First, the president must be fully committed. Nafta was a bipartisan success in no small part because of the personal involvement of Mr. Clinton and sometimes tortuous negotiations with members of Congress. It's true that some pork was doled out and more than one bridge was built as a result of a Nafta vote—something they probably still understand in Chicago.
Second, the White House and cabinet must be unified in pulling for passage. Everyone from Vice President Joe Biden to Secretary of State Hillary Clinton to Labor Secretary Hilda Solis and U.S. Trade Representative Ron Kirk must be fully engaged, without hesitation. Don't forget the crucial role that then-Vice President Al Gore's 1993 debate with Ross Perot played in swinging public opinion in favor of Nafta.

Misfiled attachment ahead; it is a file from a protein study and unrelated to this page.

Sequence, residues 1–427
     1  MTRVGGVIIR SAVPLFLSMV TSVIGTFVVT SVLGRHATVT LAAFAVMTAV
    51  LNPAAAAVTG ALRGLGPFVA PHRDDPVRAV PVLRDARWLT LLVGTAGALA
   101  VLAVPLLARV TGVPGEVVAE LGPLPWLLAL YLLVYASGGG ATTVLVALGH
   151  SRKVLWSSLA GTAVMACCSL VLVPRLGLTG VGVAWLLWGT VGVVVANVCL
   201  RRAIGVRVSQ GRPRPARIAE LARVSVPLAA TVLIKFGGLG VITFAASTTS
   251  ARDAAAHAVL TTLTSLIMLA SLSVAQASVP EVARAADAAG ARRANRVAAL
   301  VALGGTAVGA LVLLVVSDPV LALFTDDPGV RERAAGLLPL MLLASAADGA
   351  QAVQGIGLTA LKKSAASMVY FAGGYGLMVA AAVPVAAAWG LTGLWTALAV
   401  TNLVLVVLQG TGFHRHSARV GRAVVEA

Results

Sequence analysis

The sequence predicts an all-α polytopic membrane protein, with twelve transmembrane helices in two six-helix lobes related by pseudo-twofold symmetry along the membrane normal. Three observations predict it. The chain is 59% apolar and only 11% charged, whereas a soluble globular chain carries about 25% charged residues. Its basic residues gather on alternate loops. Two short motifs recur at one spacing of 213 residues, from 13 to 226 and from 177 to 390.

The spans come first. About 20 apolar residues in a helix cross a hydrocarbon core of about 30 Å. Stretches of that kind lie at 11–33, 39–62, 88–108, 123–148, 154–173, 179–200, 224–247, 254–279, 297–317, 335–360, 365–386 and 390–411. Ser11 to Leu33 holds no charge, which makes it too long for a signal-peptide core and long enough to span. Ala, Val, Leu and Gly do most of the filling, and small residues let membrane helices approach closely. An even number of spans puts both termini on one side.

Third, the effort must be genuinely bipartisan. We'll need scores of members from both sides to make passage possible (this is particularly true with a large tea party GOP caucus that is as yet undefined on trade). Perhaps Mr. Obama could even take a page from the 1993 playbook and bring into the White House a prominent Republican—former U.S. Trade Representative Carla Hills, former Reagan Chief of Staff Ken Duberstein, or a former congressman such as Jim Kolbe or Chris Shays, for example—to help quarterback the effort.